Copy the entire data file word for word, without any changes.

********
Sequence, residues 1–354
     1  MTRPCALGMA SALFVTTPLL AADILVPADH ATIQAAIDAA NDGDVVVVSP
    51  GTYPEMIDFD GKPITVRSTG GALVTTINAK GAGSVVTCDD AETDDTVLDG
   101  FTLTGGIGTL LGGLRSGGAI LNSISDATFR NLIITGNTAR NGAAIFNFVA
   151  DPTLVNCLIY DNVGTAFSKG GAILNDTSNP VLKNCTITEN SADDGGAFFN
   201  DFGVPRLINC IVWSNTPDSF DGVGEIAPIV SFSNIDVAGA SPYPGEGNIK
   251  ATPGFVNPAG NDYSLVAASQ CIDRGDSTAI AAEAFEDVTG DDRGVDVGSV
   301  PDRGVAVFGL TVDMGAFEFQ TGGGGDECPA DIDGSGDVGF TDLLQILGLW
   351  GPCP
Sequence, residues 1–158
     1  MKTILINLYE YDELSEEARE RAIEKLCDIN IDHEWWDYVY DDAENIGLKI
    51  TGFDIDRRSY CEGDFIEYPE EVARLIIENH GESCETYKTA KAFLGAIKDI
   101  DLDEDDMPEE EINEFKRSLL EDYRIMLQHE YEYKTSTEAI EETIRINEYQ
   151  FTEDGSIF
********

Sequence, residues 1–354
     1  MTRPCALGMA SALFVTTPLL AADILVPADH ATIQAAIDAA NDGDVVVVSP
    51  GTYPEMIDFD GKPITVRSTG GALVTTINAK GAGSVVTCDD AETDDTVLDG
   101  FTLTGGIGTL LGGLRSGGAI LNSISDATFR NLIITGNTAR NGAAIFNFVA
   151  DPTLVNCLIY DNVGTAFSKG GAILNDTSNP VLKNCTITEN SADDGGAFFN
   201  DFGVPRLINC IVWSNTPDSF DGVGEIAPIV SFSNIDVAGA SPYPGEGNIK
   251  ATPGFVNPAG NDYSLVAASQ CIDRGDSTAI AAEAFEDVTG DDRGVDVGSV
   301  PDRGVAVFGL TVDMGAFEFQ TGGGGDECPA DIDGSGDVGF TDLLQILGLW
   351  GPCP
Sequence, residues 1–158
     1  MKTILINLYE YDELSEEARE RAIEKLCDIN IDHEWWDYVY DDAENIGLKI
    51  TGFDIDRRSY CEGDFIEYPE EVARLIIENH GESCETYKTA KAFLGAIKDI
   101  DLDEDDMPEE EINEFKRSLL EDYRIMLQHE YEYKTSTEAI EETIRINEYQ
   151  FTEDGSIF